In recent years, several states have passed laws mandating that the Irish Famine of the 1840’s be taught in public schools, alongside African slavery and the Jewish Holocaust. Equating this trinity of horrors, Famine curriculum supporters say, is not only appropriate but historically enlightening.
In his introduction to the brief, provocative The Irish Famine: A Documentary, Colm Tóibín quotes an ardent supporter of such lessons, New York’s Governor Pataki: History teaches us that the Great Hunger was not the result of a massive Irish crop failure, but rather a deliberate campaign by the British to deny the Irish people the food they needed to survive. One can imagine Pataki’s remarks earning lusty applause. But Tóibín and his co-author, Diarmaid Ferriter, want Irish Americans to stop applauding and instead fundamentally re-examine their views on the Famine. New Jersey’s Irish Famine schools curriculum, Tóibín contends, is disturbingly typical.
The text is full of emotional language, selective quotation and vicious anti-English rhetoric. It asserts, despite all evidence to the contrary, that Ireland remained a net exporter of food during the Famine. It is as shocking in its carelessness and its racism as the London Times editorials were about Ireland during and after the Famine.
This is a shrewd bit of writing by Tóibín. Lest this acclaimed Irish novelist be accused of being (gasp!) pro-English, Tóibín makes it clear that he understands that many in 19th-century Britain thought the Catholic Irish were subhuman and that the Famine was God’s punishment.
But according to the Famine-era documents that Ferriter, a historian, has collected, the British government was in fact pursuing Famine solutions seriously, if not successfully.
In February 1846 the Downpatrick Recorder newspaper described several British bills aimed at the Famine as so many steps in the right direction.They will tend to the physical improvement of the country. Such measures ought to stop the mouth of agitators.
With The Irish Famine: A Documentary, Tóibín and Ferriter take aim at the historians and politicians who became 20th-century agitators, arguing that the Famine was essentially British-sponsored genocide.
Catholic society in Ireland in the 1840’s was graded and complex, [and] to suggest that it was merely England or Irish landlords who stood by while Ireland starved is to miss the point, Tóibín writes. An entire class of Irish Catholics survived the Famine; many, indeed, improved their prospects as a result of it, and this legacy may be more difficult for us to deal with in Ireland now than the legacy of those who died or emigrated.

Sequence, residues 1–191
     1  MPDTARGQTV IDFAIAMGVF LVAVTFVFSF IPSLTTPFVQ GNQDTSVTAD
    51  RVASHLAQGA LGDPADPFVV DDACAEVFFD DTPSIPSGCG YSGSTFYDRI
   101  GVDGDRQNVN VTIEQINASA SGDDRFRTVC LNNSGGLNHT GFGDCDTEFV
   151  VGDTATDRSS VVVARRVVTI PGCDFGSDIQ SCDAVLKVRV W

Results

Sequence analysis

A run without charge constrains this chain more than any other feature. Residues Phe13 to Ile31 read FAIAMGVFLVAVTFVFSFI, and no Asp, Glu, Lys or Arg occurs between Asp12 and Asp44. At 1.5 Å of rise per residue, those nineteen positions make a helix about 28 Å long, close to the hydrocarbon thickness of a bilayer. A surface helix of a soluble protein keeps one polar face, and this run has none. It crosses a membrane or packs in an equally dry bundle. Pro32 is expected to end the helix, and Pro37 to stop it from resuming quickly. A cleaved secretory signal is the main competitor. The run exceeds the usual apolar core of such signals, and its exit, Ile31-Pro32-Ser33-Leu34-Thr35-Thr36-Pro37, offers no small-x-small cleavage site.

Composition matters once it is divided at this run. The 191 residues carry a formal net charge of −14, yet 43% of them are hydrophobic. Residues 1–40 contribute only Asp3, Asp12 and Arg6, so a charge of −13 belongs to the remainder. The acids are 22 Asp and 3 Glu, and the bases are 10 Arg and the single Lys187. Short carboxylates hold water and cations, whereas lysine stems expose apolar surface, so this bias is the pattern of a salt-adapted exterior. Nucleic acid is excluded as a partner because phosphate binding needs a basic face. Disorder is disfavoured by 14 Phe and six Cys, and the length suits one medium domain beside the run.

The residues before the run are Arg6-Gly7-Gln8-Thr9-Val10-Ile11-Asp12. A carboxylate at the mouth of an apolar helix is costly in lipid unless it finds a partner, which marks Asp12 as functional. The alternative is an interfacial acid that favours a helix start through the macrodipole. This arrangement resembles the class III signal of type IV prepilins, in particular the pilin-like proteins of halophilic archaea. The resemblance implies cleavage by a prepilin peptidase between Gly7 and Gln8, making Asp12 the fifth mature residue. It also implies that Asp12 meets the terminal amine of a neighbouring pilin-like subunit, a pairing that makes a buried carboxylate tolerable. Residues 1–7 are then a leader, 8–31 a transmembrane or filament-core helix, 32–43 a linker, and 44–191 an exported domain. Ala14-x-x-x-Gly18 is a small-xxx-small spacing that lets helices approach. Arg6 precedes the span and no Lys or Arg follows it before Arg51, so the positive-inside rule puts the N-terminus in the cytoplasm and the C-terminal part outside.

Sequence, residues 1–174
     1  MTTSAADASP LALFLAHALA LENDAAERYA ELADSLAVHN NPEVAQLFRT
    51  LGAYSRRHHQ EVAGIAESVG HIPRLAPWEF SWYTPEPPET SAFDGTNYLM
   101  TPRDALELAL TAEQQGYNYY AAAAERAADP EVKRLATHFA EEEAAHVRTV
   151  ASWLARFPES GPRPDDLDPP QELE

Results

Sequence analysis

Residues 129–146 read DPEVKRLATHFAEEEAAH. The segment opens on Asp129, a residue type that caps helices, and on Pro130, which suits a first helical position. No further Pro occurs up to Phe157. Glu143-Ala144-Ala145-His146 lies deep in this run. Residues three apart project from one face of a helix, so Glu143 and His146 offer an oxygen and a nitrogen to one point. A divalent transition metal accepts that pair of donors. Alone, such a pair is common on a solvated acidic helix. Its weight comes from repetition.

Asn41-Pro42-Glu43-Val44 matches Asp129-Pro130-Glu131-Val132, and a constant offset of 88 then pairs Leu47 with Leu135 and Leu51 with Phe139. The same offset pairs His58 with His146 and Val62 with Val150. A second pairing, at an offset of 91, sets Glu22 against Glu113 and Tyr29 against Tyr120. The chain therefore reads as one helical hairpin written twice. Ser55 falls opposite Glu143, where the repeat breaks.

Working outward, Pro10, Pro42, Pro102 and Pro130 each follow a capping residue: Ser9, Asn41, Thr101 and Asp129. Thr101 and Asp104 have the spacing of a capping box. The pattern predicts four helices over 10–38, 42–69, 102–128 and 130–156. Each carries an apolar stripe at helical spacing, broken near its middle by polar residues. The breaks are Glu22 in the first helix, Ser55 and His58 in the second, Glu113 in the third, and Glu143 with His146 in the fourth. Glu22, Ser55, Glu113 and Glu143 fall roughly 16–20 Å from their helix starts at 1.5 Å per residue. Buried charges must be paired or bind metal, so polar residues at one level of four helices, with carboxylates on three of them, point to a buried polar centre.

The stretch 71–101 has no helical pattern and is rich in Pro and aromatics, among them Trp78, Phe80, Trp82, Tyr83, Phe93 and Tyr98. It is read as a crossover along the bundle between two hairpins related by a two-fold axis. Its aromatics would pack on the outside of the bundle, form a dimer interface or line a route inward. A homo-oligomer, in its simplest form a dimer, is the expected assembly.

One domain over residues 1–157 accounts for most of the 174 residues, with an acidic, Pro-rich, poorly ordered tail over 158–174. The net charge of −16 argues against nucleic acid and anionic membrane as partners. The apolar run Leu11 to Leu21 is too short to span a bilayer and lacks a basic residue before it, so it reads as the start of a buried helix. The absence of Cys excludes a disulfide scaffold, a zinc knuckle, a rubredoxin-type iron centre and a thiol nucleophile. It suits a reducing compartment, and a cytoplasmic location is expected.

Tóibín’s introduction is an eye-opener and should not be dismissed as either sacrilegious or silly. Like all historical events, the Famine is open to different interpretations. Neither Tóibín nor Ferriter believes the British acted nobly. They acknowledge the dismissive tones used by many British leaders, as hundreds of thousands of Irish starved. But Tóibín adds, If you take into account the fact that the British government and Irish landlords wanted land clearance on a vast scale, then the obvious question arises: could it be that, on the one hand, there were these attitudes and ambitions and, on the other, there was a famine, but that the two are not necessarily connected, or not connected enough to constitute cause and effect?
Some readers will be made uneasyor outragedby Tóibín’s detached introduction. But that’s his point: that emotion has skewed history when it comes to the Irish Famine. It is not outrageous to suggest that people, especially in the United States, have exploited the psychological, even political, value of the Irish Famine.
Tóibín’s essay is impressionistic, ironic, occasionally even funny. But since these are probably not the methods by which even open-minded Irish Americans want to ponder the terrible Famine, he might have tried some plainly-stated polemics of his own. The Irish Famine: A Documentary seems aimed at readers in Ireland, as opposed to melting-pot America. Here distasteful as it may bethere is still competition among the oppressive narratives of various ethnic groups, creating a wrinkle in the Famine debate that this book does not, or perhaps cannot, probe.
The documents selected by Ferriter are, nevertheless, fascinating and revealing. They are also, of course, very dry reading. Nothing beats primary sources. But, to return to the earlier document cited, I personally do not know if The Downpatrick Recorder had, say, a bias toward London. Ferriter probably should have offered more in the way of context to introduce the documents.
But then, the more he explains, the less power the documents themselves hold. As it is, Ferriter humbly contends: These documents...do nothing to settle the [Famine] argument; instead, they establish its terms and complexity.
The Irish Famine: A Documentary is at its best exploring how the United States and Ireland have treated the Famine so differently. Ultimately though, since there is not much of an outcry in this country for a revisionist look at the Famine, I don’t see many readers giving Tóibín’s book a chance. Even if (say) George Pataki chose to plow through Famine-era proceedings from the House of Commons, I don’t see him toning down his rhetoricnot with thousands and thousands of Irish American voters in New York, most of whom are quite comfortable with their instinctual disdain for British actions during the Famine.
Tóibín does offer up a positive model of Irish American scholarshipthe Famine curriculum for New York State schools prepared by Rutgers University’s Professor Maureen Murphy. It is worth noting, however, that when this diverse, 1,000-page document was released, Professor Murphy was lambasted in many quarters as a sellout to the Brits.
They don’t call them the Fighting Irish for nothing.